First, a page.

‘Hostile workplace’ also falls under harassment act, SC rules

    The Supreme Court has held that besides sex-related conduct, any act that is rooted in gender-based discrimination and creates an abusive and hostile working environment also falls under the Protection against Harassment of Women at the Workplace (Amendment) Act 2022.

    The court said that many forms of pervasive harassment in the workplace, including denial of equal opportunities as well as criticism of one’s abilities on the basis of gender, also come within the ambit of harassment.

    A division bench led by Chief Justice of Pakistan Umar Ata Bandial gave the ruling while hearing the PTV harassment case.

    “As evident from its Statement of Objects and Reasons, Preamble and substantive provisions, the objective of the Act is to actualise the right of women to join a profession or occupation of their choice, where they are treated as an equal with dignity and honour, and feel safe that their working environment is free of harassment, abuse and intimidation,” an eight-page judgement authored by Justice Syed Mansoor Ali Shah said while setting aside the Islamabad High Court order in the harassment case.

    “The Act gives effect to Article 34 of the Principles of Policy under our Constitution which provides that steps shall be taken to ensure full participation of women in all spheres of national life.

    “The Act opens pathways for women to participate more fully in the development of the country at all levels, and ensures equal opportunity for them to earn their livelihood in a safe working environment.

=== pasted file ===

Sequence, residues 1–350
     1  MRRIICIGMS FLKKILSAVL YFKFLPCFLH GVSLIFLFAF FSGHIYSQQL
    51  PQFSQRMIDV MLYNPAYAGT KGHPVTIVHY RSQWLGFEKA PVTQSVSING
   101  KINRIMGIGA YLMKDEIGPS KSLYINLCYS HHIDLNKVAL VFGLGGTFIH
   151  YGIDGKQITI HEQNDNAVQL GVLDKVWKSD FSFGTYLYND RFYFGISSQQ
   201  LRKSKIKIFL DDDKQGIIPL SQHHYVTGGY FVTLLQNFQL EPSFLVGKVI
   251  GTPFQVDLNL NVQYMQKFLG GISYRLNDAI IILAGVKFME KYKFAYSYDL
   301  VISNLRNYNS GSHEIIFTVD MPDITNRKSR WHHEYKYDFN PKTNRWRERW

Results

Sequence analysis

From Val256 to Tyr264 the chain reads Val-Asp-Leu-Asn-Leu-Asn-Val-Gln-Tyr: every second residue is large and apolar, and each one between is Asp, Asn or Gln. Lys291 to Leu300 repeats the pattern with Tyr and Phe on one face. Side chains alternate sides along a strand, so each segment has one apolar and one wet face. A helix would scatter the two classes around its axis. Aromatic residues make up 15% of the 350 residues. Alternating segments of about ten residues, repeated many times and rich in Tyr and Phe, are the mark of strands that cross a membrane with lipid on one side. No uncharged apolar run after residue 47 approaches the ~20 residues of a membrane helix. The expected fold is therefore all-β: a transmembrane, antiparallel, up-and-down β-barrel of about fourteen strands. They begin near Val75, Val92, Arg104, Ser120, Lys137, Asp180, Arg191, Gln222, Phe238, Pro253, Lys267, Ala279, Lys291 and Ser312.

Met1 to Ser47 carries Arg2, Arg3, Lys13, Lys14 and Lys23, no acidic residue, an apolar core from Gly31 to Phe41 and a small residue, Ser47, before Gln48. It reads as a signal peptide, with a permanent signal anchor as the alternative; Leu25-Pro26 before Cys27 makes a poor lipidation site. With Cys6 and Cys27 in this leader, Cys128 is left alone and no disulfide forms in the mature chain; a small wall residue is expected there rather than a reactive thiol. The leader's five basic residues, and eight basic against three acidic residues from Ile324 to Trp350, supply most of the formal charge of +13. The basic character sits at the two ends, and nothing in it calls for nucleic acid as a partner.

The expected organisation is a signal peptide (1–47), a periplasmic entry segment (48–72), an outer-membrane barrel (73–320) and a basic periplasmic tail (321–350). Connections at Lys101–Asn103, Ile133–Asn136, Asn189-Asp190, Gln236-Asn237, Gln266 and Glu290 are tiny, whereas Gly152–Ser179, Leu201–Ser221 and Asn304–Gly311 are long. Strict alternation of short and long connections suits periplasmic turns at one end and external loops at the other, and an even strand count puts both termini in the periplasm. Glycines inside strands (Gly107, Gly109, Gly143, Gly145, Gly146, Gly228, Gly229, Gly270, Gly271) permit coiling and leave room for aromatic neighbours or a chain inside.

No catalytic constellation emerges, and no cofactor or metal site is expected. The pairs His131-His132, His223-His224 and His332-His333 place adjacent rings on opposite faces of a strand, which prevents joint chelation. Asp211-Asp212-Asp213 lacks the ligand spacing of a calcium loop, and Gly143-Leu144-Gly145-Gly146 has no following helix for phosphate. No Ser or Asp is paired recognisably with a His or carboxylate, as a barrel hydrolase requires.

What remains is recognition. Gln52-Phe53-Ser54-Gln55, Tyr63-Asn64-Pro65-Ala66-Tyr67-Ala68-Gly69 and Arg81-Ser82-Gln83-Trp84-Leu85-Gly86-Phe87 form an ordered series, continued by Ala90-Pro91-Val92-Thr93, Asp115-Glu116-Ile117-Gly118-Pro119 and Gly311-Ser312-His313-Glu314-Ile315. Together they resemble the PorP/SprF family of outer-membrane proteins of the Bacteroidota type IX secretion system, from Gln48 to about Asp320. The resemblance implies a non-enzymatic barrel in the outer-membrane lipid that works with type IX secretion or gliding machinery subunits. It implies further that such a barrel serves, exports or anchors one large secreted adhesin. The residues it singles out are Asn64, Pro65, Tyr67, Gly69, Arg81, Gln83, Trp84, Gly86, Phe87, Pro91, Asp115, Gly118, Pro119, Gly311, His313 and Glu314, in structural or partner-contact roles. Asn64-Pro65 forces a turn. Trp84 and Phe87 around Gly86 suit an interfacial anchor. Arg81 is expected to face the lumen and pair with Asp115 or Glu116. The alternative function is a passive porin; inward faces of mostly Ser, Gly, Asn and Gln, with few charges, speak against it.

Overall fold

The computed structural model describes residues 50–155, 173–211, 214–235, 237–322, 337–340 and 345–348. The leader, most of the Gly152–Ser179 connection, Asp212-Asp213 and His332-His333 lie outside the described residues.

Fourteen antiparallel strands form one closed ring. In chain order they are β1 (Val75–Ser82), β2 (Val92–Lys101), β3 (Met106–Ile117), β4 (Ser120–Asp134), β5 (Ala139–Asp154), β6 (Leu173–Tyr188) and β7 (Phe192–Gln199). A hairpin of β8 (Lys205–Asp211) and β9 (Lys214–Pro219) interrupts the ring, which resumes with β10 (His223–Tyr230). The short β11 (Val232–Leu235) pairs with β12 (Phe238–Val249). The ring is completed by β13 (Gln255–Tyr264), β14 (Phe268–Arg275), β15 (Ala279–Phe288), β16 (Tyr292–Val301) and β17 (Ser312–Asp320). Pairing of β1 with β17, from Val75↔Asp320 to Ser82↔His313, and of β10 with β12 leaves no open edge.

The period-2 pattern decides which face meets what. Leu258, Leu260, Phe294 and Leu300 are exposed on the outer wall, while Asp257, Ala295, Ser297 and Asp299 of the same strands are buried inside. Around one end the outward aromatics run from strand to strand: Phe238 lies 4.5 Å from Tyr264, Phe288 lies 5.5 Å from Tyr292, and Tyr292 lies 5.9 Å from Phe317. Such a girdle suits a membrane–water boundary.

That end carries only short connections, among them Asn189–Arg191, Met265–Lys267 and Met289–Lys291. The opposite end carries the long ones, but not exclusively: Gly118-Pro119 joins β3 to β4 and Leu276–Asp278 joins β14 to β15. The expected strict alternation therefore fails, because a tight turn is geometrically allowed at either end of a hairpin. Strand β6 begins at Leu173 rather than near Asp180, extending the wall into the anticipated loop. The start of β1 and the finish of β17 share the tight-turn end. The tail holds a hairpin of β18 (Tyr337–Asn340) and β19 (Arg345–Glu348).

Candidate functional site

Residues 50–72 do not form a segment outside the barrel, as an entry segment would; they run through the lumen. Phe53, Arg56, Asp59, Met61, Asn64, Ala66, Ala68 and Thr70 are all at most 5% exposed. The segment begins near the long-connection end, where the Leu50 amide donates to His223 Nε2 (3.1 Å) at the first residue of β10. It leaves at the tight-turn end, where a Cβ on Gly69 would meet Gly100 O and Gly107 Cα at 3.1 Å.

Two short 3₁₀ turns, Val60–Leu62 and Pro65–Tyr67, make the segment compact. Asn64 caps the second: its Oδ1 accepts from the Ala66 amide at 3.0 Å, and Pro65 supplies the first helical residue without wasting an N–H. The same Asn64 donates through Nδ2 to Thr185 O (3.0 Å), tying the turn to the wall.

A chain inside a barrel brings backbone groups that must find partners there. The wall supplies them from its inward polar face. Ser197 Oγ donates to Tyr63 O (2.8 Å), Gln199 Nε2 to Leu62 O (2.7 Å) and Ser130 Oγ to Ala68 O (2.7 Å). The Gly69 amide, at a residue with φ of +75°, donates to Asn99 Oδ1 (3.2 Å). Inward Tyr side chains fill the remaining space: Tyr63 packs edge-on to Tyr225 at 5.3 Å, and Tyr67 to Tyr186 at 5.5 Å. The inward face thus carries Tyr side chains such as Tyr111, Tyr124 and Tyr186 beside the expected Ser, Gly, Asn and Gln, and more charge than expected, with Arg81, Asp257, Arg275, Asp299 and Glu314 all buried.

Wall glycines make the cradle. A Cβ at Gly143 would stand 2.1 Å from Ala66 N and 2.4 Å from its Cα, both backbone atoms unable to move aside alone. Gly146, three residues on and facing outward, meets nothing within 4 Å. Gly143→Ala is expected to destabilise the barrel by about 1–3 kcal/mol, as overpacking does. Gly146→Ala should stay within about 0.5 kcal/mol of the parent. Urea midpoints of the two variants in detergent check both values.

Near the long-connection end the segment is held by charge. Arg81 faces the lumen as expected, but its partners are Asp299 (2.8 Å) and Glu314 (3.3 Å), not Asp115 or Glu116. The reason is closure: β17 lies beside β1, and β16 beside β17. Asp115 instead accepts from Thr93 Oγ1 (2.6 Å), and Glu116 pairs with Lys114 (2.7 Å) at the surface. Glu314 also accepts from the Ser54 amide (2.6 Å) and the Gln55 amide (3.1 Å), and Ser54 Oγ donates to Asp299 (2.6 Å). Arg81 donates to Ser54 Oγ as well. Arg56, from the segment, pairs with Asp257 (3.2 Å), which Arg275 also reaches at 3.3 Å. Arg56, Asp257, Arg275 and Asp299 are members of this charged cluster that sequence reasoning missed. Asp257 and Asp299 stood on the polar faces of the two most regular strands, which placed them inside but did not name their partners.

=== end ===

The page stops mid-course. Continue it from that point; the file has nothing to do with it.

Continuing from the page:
“The Act also promotes the standards set by international commitments of Pakistan under the International Covenant on Civil and Political Rights (ICCPR), the International Covenant on Economic, Social and Cultural Rights (ICESCR), the Convention on the Elimination of All Forms of Discrimination against Women (CEDAW), and the ILO Discrimination (Employment and Occupation) Convention.”

    The judgement said that the Amendment Act 2022 has extended the application of the act by adding in the definition of “employee” the informal workers without a contract, freelancers, domestic workers, interns, trainees, apprentices, students, performers, artists, sportspersons, etc, and by extending the definition of “workplace” to anyplace where services are rendered or performed by professionals, including educational institutions, gigs, concerts, studios, performance facilities, courts, highways, sporting facilities, gymnasiums etc.

    “The Amendment Act has also redefined the expression ‘harassment’ and has included therein “discrimination on the basis of gender, which may or may not be sexual in nature, but which may embody a discriminatory and prejudicial mindset or notion, resulting in discriminatory behavior on basis of gender against the complainant.

    “Although it is evident from the words, ‘demeaning attitude’, that the expression ‘sexually demeaning attitude’ used in the definition of ‘harassment’ means demeaning attitude on the basis of sex, the Amendment Act has further clarified it by providing that it includes ‘any gesture or expression conveying derogatory connotation’ that causes ‘interference with work performance or creating an intimidating, hostile or offensive work environment’, and covers conduct that discriminates against persons because of their gender and creates an intimidating or hostile working environment.”

    Justice Mansoor noted that the Amendment Act has substituted the expression “a woman or man” with “any person” in the definition of “complainant” and has thus made applicable the protection of the Act to transgender persons also.

    “The scope of the Act is not restricted to women only but it protects everyone – male, female and transgender persons. This change in the Act is commendable, as it would now extend the protection to transgender persons also, who are often the most vulnerable to different forms of harassment.

    “The amendments introduced in the Act, we hope, would play an important role to realise the constitutional ideals and values of liberty, dignity, equality and social justice for women and transgender persons in Pakistan.”

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